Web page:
Thursday, 5 February 2015

I thought your book an imposture...

The following is an excerpt from "A Reader's Book of Days" which my friend Zarinah Hayes gave me for Christmas. I found it amusing and thought I should share it with you guys.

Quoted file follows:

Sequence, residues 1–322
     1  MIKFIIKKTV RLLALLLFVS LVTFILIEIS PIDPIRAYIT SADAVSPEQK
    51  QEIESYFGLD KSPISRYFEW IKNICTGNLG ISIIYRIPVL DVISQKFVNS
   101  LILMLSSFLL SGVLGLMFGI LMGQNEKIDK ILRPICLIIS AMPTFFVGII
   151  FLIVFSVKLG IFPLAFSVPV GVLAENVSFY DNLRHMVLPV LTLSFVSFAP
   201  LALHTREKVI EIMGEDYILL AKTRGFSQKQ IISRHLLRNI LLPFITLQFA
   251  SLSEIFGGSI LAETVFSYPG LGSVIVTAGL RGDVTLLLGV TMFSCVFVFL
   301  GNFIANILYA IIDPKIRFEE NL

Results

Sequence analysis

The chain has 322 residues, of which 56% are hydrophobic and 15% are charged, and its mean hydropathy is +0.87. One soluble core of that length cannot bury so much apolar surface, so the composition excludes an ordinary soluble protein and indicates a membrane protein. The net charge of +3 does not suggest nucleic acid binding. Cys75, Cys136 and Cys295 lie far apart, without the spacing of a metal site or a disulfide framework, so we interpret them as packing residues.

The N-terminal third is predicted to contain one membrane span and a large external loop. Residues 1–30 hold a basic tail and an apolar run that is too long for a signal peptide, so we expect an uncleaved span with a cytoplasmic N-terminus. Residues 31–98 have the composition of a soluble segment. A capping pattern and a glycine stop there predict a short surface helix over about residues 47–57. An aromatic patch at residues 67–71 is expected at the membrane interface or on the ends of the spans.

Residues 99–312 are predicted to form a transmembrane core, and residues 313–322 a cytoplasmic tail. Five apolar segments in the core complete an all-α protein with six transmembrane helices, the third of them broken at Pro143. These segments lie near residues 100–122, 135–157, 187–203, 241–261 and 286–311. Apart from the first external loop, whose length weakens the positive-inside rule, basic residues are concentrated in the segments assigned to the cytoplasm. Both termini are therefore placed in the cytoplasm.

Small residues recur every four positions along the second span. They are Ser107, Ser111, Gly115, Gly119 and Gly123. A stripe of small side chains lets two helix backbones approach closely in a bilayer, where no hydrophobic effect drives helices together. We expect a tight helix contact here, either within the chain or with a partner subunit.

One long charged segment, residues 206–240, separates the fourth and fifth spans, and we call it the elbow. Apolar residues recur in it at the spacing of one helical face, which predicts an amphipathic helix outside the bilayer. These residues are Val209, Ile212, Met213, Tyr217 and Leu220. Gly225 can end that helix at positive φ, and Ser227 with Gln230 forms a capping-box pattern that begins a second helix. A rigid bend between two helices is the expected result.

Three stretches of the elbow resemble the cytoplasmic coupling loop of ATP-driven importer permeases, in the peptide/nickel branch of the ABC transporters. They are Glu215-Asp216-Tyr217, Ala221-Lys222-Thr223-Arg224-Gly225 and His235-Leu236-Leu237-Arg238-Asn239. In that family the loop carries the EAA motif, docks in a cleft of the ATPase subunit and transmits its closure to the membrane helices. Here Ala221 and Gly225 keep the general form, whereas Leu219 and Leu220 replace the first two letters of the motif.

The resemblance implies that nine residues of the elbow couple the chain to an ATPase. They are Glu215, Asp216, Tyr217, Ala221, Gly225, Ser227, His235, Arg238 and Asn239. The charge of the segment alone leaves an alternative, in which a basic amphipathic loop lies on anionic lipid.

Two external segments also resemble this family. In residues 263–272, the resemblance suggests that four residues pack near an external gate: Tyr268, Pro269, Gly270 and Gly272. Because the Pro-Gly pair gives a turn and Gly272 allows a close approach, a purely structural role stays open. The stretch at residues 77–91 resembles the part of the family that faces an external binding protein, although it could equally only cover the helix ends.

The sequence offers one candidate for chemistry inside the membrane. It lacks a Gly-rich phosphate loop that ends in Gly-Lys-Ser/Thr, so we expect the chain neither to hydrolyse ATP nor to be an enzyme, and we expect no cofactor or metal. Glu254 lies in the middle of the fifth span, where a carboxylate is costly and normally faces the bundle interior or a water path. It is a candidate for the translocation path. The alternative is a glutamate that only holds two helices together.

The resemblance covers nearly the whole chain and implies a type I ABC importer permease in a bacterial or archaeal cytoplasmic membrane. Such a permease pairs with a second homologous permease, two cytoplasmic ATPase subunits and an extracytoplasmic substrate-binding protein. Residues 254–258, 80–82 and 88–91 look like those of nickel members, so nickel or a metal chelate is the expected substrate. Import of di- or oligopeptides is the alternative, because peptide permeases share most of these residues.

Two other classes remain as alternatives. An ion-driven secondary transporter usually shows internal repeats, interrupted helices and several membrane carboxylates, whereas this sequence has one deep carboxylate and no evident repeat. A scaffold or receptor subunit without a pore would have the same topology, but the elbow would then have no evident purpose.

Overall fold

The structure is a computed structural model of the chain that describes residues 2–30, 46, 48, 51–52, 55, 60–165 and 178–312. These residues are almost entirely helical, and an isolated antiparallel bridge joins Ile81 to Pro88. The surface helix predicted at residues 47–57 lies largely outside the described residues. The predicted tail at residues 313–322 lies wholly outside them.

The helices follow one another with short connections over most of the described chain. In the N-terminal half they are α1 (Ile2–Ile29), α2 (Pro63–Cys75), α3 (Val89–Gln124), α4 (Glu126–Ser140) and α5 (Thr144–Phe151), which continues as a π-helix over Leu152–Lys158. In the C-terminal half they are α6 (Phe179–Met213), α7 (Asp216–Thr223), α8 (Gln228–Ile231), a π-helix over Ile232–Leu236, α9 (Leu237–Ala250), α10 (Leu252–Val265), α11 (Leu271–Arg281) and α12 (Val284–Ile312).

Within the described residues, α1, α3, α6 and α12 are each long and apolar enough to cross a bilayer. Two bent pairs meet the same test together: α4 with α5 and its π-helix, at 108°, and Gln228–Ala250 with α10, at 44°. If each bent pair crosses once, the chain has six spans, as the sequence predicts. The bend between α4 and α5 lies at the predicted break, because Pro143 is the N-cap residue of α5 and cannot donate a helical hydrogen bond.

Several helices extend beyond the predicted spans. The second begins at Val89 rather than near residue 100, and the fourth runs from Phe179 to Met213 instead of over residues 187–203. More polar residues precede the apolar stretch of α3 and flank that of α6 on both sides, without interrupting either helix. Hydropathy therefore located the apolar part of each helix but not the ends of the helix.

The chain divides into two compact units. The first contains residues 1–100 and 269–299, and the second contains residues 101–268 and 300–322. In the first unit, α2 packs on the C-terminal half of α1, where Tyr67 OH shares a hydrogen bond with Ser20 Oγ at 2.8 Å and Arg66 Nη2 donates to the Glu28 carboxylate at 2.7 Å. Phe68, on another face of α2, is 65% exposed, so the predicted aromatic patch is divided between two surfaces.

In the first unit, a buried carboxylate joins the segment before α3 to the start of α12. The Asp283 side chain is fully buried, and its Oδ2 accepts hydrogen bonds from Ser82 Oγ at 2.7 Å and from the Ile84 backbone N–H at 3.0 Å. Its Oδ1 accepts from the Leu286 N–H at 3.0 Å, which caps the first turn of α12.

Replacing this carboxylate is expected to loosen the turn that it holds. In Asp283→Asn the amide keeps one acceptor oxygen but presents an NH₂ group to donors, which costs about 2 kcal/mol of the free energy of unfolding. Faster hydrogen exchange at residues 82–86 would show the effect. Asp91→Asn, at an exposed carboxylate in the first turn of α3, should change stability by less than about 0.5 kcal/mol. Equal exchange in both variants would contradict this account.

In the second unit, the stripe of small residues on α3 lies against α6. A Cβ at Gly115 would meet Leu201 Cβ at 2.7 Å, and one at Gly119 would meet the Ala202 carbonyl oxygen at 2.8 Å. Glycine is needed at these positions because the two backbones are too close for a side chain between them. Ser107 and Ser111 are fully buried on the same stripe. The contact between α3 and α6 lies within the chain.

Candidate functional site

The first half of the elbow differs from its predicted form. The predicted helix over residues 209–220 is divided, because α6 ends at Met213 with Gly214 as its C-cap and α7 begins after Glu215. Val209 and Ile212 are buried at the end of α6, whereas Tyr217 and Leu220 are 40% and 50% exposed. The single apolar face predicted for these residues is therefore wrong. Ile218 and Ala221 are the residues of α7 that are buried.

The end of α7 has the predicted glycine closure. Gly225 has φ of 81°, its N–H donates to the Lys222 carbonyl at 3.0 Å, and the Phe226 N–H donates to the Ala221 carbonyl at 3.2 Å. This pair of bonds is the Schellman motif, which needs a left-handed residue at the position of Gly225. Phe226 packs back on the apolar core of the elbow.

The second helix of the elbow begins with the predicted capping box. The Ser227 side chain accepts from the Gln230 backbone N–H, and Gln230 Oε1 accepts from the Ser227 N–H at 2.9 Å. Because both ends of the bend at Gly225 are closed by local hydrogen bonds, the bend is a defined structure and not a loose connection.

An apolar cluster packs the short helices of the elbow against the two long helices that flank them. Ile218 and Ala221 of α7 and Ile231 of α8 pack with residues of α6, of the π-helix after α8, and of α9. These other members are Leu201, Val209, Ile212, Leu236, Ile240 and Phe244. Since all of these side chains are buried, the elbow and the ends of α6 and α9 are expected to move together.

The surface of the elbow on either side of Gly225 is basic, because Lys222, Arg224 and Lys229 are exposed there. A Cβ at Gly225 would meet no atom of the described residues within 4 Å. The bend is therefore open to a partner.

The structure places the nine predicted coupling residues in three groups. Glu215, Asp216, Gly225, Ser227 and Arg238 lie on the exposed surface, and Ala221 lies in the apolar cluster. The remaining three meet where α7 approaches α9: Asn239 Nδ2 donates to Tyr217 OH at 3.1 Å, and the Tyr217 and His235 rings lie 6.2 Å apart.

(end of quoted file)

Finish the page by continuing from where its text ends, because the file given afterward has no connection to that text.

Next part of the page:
1775: Samuel Johnson had long been an irascible skeptic of the "Ossian" poems then taking Europe by storm, which the Scottish poet James Macpherson claimed he had translated from the work of a third-century Gaelic bard. Asked in 1763 whether any modern man could have composed such poetry he growled, "Yes, Sir, many men, many women, and many children." And his final reply in his exchange with the equally fractious Macpherson is legendary: "You want me to retract. What shall I retract? I thought your book an imposture from the beginning...Your rage I defy...and what I have heard of your morals disposes me to pay regard not to what you shall say, but what you can prove." But though most came to agree with Johnson that the poems were a fraud, their popularity only increased, gaining admirers from Goethe and Wordsworth to Jefferson and Napoleon.

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